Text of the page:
Tucked in the basement of the Andrew Boss Lab of Meat Science on the St. Paul Campus of the University of Minnesota is the worst-kept gastronomic secret in St. Paul: the U of M Dairy Salesroom. The Dairy Salesroom sells cheese and ice cream produced by students, faculty, and staff during classes and research projects or during breaks as a way to fund research and maintenance of the facility. Open to the public, but only on Wednesday afternoons from 3 to 5pm, the Dairy Salesroom attracts a crowd of regulars who begin queuing outside room 166 at 2:45pm.
When asked why they bother to line up, the student at the front of the line says, “They’ll sell out of cheese curds.” They don’t have cheese curds ($4.50) every week, but, when they do, they are squeaky fresh and in great demand.
By the time the Dairy Salesroom opens at 3pm, the line is two dozen people long. Tension mounts once the door opens, with people craning their necks to see if their favorite flavors are available. Yet, everyone waits in the line that loops around the small, windowless room for a turn to grab some cheese curds, to make a choice from the cheese counter, and, finally, to snag some ice cream from the refrigerated case.
One slender young woman, toting a reusable cloth bag, tells the woman in line behind her that she puts her toddler down for a nap and hires a babysitter every week. She likes the ice cream, $4 for a quart, $2.50 for a pint.
Flavors of ice cream vary weekly and are limited to about a dozen at any given time, but the student who mans the cash register, one of two, tells me the most popular flavors are Gopher Gold (French vanilla base with raspberry chocolate ripple) and Green Tea. A gray-haired woman in the elevator, who says she’s been coming for years, says, “If they have yogurt, get that! It’s amazing.”
We found the green tea ice cream smooth and earthy. The peach yogurt was tangy with bits of diced peach dotted throughout. The Gopher Gold was maroon and gold enough to evoke the Gopher team spirit, rah! The streaks of raspberry chocolate keep the rich French vanilla from overpowering. Minnesota Sundae, a honey base with sunflower seeds, is the Dairy Lab’s tribute to the beloved honey sunflower seed ice cream sold at the Horticulture Building during the Minnesota State Fair.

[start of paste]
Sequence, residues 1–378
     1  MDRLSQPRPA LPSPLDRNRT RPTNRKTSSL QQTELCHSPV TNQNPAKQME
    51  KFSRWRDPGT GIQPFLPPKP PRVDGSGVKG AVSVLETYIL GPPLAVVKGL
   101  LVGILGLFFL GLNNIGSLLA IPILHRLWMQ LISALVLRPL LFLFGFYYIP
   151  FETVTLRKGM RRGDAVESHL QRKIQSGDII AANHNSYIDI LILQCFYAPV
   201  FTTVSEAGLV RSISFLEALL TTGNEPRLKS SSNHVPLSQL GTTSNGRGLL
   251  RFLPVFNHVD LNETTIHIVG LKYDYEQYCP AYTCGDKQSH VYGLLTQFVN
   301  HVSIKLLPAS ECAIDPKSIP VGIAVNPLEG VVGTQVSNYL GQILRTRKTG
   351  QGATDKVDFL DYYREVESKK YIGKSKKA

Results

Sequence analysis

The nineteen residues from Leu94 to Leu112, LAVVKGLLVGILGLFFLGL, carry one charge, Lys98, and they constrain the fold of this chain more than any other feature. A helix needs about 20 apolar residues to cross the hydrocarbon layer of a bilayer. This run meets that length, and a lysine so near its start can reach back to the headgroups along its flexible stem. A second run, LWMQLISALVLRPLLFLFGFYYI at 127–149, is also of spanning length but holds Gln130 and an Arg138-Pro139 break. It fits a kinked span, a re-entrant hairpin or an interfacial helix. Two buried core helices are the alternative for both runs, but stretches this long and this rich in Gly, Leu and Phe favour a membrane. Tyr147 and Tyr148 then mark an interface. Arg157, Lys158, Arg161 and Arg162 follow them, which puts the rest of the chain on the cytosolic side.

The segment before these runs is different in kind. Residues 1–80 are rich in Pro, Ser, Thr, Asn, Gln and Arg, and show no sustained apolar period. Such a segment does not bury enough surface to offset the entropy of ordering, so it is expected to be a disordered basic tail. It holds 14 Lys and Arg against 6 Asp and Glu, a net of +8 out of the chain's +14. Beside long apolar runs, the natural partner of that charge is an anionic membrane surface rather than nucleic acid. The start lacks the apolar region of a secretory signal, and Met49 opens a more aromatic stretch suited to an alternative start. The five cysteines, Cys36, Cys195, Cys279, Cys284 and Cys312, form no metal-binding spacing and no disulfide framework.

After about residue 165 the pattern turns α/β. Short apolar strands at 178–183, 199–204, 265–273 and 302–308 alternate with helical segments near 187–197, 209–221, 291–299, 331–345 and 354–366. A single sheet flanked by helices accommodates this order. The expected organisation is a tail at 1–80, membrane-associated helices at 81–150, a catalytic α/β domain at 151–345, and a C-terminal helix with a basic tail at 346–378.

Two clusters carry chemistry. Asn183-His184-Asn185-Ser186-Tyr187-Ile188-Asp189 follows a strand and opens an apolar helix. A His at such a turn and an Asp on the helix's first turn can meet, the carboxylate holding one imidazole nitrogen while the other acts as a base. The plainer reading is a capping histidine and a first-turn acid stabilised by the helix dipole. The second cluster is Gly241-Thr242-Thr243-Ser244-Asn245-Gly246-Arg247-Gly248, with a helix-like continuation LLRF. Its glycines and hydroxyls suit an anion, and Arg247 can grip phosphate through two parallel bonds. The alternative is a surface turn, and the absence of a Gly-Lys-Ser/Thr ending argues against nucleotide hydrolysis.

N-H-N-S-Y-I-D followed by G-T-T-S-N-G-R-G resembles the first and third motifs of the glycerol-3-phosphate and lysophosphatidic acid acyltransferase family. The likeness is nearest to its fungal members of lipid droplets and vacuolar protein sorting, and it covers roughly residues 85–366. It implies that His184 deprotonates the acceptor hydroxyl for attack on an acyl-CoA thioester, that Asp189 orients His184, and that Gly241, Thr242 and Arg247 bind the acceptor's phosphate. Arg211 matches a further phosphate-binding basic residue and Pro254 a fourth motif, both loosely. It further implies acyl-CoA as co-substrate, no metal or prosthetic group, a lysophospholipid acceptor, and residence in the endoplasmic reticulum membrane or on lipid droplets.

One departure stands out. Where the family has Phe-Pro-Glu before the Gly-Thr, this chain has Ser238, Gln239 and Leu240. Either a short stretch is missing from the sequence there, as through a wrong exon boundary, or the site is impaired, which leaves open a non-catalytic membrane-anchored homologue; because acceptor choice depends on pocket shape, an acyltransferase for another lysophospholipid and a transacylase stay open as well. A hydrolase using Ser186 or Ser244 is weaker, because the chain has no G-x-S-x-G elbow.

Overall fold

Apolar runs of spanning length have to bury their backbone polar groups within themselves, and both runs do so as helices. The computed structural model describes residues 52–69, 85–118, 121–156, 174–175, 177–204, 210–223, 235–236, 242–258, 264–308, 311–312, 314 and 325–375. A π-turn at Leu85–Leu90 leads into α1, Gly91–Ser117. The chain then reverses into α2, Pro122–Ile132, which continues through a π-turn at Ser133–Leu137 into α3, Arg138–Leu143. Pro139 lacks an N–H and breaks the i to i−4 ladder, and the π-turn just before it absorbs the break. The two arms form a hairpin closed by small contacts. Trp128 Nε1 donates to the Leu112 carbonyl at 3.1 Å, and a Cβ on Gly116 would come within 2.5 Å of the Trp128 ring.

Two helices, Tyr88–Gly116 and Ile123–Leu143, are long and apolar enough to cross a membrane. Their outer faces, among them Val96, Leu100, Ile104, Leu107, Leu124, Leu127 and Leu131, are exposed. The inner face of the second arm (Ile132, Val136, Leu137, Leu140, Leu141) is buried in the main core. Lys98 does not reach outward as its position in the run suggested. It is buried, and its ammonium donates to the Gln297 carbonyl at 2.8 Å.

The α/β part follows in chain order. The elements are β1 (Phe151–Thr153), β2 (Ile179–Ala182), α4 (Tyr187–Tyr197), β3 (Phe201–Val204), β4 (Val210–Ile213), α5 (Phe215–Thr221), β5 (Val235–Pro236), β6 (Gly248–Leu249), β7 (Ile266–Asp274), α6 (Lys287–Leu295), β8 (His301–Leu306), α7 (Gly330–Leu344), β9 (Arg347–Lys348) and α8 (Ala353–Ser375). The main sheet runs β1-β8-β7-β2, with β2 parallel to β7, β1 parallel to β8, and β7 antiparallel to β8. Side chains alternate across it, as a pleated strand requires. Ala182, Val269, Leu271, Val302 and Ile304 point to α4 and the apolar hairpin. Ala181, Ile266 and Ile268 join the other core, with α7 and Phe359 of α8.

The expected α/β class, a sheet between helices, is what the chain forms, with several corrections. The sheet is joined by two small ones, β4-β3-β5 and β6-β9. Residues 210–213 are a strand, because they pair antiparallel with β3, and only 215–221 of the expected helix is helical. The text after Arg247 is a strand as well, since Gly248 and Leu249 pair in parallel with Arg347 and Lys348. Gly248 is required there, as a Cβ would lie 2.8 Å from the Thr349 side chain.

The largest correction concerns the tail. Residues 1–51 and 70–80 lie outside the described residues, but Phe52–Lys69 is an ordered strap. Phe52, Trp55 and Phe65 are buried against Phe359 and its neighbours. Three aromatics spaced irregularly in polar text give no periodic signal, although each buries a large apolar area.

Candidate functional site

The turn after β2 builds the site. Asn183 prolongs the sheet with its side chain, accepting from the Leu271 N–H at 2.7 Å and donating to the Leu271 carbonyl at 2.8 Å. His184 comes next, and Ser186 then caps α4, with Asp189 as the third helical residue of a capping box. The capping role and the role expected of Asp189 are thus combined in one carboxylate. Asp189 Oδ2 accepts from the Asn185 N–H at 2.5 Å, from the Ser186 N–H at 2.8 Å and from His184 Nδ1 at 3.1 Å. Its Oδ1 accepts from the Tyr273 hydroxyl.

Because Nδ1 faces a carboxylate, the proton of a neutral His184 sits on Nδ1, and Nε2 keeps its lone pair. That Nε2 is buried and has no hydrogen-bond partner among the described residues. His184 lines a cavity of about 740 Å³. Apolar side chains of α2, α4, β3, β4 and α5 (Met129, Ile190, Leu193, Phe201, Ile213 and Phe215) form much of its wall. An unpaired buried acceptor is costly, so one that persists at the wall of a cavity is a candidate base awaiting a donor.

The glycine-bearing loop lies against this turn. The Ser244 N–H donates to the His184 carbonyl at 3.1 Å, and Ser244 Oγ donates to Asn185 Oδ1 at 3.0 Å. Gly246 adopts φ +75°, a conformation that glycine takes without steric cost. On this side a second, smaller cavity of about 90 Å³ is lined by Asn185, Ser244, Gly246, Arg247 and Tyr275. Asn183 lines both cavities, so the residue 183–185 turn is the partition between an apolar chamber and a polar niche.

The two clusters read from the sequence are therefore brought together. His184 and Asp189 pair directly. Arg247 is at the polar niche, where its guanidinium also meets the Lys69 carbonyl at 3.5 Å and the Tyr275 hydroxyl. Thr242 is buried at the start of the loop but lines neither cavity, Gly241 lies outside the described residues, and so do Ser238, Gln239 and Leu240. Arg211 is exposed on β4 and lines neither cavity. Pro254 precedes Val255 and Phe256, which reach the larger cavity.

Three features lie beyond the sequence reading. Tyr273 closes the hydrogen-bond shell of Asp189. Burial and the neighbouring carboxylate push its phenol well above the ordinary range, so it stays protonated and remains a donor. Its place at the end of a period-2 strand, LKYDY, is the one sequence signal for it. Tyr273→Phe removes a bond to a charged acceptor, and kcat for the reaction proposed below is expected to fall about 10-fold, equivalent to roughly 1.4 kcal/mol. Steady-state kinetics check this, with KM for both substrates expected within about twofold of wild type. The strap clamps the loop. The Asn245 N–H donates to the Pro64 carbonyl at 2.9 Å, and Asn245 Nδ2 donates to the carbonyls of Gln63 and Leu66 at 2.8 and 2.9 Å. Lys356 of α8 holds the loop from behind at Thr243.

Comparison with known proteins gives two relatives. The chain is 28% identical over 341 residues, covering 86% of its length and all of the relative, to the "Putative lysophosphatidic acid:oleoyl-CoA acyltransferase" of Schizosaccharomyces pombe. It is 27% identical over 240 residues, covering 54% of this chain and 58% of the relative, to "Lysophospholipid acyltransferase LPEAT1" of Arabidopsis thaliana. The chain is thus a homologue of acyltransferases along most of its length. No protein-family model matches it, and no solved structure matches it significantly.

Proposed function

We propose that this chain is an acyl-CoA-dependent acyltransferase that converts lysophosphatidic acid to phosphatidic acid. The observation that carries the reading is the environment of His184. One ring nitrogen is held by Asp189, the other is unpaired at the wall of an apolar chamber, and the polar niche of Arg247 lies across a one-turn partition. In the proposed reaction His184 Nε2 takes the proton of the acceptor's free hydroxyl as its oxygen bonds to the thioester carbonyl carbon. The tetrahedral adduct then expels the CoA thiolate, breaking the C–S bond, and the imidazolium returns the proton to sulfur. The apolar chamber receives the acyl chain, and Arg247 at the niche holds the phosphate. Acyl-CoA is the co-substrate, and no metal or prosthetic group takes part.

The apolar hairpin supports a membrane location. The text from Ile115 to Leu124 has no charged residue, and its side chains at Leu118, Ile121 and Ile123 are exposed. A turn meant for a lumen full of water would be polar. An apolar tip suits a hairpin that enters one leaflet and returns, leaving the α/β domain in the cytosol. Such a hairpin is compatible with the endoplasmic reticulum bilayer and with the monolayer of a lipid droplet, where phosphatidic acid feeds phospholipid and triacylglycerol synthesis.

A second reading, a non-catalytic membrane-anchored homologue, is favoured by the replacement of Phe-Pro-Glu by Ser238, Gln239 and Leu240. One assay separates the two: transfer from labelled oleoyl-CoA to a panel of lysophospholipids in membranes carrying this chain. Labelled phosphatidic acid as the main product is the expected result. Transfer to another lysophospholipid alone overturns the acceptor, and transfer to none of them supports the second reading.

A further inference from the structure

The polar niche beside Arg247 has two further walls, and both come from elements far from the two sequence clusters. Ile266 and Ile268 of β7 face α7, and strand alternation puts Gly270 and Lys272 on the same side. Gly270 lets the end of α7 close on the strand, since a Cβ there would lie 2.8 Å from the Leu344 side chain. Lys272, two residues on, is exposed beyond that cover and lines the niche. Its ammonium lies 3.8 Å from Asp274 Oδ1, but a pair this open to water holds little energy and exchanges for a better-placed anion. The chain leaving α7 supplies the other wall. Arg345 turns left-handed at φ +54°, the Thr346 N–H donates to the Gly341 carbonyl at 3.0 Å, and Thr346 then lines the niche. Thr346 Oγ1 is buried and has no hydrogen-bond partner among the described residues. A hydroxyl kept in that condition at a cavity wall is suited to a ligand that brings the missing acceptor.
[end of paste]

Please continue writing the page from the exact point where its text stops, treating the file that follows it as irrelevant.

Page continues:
Cheeses are aged on site and, like the ice cream, come in a wide array of varieties. The student behind the cheese counter recommends the Havarti to me, saying, “We win prizes at the State Fair for that.” It’s not artisanal cheese, but it’s local. And, the price is right. For 3.5 ounces of creamy Havarti and Parmesan, we paid $1.62 and $1.55, respectively. Nuworld Cheese, a semi-soft, white “blue” cheese, was invented by the U of M (jointly with the University of Wisconsin) and is made from a white strain of mold.
So if you want in on the secret, next time you have a free Wednesday afternoon, hire a babysitter and head over to the Dairy Salesroom. On your way, you can stop by the second worst-kept gastronomic secret in St. Paul, the U of M Meat Lab (which we will report on in an upcoming story — stay tuned.)
University of Minnesota Dairy Salesroom
Department of Food Science and Nutrition
1354 Eckles Ave
St. Paul, MN 55108
Long line or not, I would love a cone about now.
Thanks for this “insider” tip. Great fun to read about and I may even trek from the southern suburbs to experience it in person, someday. Those who were already in-the-know may regret seeing this published – longer lines, but it should help the salesroom get more income for ongoing projects/research.
I’ve been meaning to get to the U to try this out – thanks for the great post and the amazing pictures.
As a very proud and loyal Badger, I highly doubt the ice cream is as good as my beloved Babcock, but I’m willing to put it to the test. :)
I’ll bet they don’t offer Gopher Gold…
Thanks for the detailed information – sounds like I’d like a lot of what they offer.
Nope, but when I was in school there was Berry Alvarez.
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